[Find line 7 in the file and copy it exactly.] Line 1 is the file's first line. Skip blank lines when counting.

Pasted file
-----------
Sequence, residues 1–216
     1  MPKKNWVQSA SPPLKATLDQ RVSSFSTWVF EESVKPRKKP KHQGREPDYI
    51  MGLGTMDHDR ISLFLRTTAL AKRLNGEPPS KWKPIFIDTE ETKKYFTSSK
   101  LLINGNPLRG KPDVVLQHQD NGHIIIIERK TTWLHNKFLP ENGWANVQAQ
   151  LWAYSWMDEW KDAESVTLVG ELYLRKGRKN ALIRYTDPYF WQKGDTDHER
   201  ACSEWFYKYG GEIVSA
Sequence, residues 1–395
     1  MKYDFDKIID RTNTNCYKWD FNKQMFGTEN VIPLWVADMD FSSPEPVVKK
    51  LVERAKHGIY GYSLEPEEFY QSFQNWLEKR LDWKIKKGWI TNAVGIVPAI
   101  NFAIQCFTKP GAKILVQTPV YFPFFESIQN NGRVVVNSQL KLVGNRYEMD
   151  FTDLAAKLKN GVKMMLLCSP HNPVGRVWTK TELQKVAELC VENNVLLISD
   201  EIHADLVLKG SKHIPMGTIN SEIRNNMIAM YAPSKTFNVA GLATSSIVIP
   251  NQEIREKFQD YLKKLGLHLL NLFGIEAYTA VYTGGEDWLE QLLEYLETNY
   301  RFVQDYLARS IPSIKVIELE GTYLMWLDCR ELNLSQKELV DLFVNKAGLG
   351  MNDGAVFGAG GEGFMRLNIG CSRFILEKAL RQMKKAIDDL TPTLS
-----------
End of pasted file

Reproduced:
Sequence, residues 1–395